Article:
SINGAPORE – When gold trading company Genneva ran into difficulties over promises made to customers in a buyback scheme, it asked them to send back the gold bars, saying it was just for authentication.
But instead of returning them later, some of the bars were pawned for loans.
Genneva sales agent Chen Qiaoling falsely stated that she was the pawner on three pawn tickets in August 2012.
The Chinese national later falsely declared the loss of the tickets and dishonestly redeemed 3kg of the precious metal worth more than $200,000 from a local pawnshop.
Chen, now 38, sold the gold bars in October 2012 and received more than $150,000 in cash. The Singapore permanent resident later remitted more than $109,000 to a bank account in China.
She pleaded guilty earlier this week to two counts of cheating over making a false declaration to a Commissioner of Oaths and then unlawfully redeeming 3kg of gold bars.
She was sentenced on Thursday (Nov 18) to a year’s jail.
Defence lawyer Amarjit Singh Sidhu told the court that she was not the mastermind behind the scheme, adding that the proceeds had been used to compensate and refund some clients in China.
She has since made a partial restitution of more than $40,000 and The Straits Times understands that she is no longer working for Genneva.
The court heard that its customers bought gold bars at up to 40 per cent above the market retail price. They would then receive monthly payouts of up to 3 per cent of the purchase price.
Deputy Public Prosecutor Lee Wei Liang told the court: “At the end of the contractual period, the customers may either sell the gold back to Genneva at the purchase price, keep the gold, or renew the contract to continue receiving monthly payouts.”
On Aug 17, 2012, the company implemented a “gold inspection” scheme.
Clients who had bought gold bars had to send them back for “inspection”, failing which they would be unable to renew their contracts with the firm or collect monthly payouts.
DPP Lee said the purpose of the inspection was purportedly for Genneva to authenticate each piece of gold sold to its customers.
Between Aug 17 and Sept 30 that year, it collected around 3,500kg of gold, but only about 2,700kg were later returned.
A portion of the remaining gold was sold, pawned or used to fulfil new sales. Investigations revealed that Genneva pawned about 125kg of gold bars at various shops in Singapore.
The Commercial Affairs Department later received “a large number” of reports over issues, including failure to pay customers their promised monthly payouts.
The court heard that a purchasing head of Genneva had been tasked to pawn gold bars collected from customers.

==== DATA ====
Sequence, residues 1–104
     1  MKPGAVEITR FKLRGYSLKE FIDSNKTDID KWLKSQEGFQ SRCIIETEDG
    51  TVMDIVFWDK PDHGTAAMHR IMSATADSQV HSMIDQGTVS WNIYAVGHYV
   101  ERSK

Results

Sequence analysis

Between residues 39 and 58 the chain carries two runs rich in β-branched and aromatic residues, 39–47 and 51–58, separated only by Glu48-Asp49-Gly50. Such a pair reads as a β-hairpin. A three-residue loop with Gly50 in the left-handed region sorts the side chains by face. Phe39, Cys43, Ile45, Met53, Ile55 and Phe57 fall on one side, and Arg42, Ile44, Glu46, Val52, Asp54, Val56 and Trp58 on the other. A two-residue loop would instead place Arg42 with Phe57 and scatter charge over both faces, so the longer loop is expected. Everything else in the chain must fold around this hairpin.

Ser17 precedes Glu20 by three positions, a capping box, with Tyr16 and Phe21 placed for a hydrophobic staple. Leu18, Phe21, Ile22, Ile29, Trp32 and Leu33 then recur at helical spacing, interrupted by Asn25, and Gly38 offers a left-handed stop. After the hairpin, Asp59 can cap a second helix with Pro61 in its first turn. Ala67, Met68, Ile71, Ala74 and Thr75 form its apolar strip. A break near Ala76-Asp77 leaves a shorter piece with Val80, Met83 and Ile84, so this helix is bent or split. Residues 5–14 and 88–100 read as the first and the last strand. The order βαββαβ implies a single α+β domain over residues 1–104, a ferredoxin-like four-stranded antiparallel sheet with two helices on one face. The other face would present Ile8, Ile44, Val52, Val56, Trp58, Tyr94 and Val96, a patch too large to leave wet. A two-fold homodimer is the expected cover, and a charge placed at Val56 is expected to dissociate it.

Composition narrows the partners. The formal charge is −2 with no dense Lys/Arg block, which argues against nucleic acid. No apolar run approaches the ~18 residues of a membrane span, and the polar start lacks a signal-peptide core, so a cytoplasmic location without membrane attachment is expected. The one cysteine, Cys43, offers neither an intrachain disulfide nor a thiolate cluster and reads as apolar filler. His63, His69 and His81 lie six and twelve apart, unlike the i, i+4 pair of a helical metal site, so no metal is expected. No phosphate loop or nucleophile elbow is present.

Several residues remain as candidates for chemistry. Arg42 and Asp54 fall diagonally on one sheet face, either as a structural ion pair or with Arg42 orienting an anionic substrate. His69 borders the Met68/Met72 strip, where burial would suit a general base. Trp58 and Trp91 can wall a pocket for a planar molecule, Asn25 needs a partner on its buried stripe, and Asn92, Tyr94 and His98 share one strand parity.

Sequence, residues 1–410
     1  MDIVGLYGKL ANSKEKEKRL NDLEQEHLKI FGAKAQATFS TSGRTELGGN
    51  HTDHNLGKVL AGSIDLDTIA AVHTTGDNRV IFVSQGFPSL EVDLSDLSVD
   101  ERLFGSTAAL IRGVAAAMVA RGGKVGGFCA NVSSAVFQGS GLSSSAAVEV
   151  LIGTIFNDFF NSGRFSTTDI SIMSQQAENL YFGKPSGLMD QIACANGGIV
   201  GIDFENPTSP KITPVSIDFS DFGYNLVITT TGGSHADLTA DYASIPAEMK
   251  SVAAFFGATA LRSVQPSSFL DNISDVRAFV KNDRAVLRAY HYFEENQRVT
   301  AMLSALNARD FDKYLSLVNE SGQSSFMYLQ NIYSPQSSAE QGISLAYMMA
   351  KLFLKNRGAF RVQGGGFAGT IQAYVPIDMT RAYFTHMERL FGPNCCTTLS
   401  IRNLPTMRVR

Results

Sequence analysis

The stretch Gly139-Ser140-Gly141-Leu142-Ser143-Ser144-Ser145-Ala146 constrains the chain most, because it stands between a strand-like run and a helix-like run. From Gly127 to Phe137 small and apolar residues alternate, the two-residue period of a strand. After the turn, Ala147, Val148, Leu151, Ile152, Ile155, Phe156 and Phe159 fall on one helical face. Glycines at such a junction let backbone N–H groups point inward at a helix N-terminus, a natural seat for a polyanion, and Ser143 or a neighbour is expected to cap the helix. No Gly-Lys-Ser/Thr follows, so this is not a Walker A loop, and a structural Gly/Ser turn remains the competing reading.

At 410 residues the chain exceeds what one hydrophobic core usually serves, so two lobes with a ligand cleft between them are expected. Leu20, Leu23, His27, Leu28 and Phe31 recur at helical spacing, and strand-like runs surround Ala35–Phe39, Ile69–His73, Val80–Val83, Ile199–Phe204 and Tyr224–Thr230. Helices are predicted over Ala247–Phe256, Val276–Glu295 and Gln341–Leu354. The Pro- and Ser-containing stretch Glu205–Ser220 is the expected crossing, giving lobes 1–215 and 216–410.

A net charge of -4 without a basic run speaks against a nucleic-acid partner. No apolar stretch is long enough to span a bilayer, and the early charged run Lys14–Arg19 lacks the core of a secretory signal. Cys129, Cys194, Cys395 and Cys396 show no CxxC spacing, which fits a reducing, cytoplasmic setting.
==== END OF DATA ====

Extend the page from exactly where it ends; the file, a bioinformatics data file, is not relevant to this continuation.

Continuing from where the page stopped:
On Aug 23, 2012, Chen accompanied him to a pawnshop where he handed over three gold bars weighing more than 3kg.
Chen falsely put her name on the pawn tickets as the pawner and received a loan of more than $166,000.
The pawn tickets and monies were then handed to the purchasing head.
Chen and other sales agents later found out that some unknown individuals had tried to redeem the gold bars which they had helped to pledge for money.
She decided to get back the valuables pledged under her name before these unknown individuals redeemed them.
On Sept 29, 2012, she falsely reported to the pawnshop that the pawn tickets were lost, despite knowing that they were, in fact, with the purchasing head.
Later that day, she falsely declared the loss before a Commissioner of Oaths and submitted the affirmed declaration form to an employee of the pawnshop.
As Chen did not have enough cash on her, she redeemed two of the three gold bars before selling them to a bank for around $140,000 on Oct 1, 2012.
She used part of the money to redeem the third bar, which she later sold to the bank for about $70,000.
The court heard that she received total net sale proceeds of more than $150,000.
On Oct 17 that year, she remitted part of her ill-gotten gains to a bank account in China.
Chen’s bail was set at $30,000 on Thursday and she will have to surrender at the State Courts on Nov 25 to begin serving her sentence.
For each count of cheating, an offender can be jailed up to three years and fined.
In July last year, Genneva’s former general manager, Malaysian Kwok Fong Loong, then 65, was sentenced to 56 months’ jail after admitting to one count of fraudulent trading.
The cases involving two of its former directors – Singaporean Iseli Rudolf James Maitland, 62, and Malaysian How Soo Feng, 47 – are still pending.
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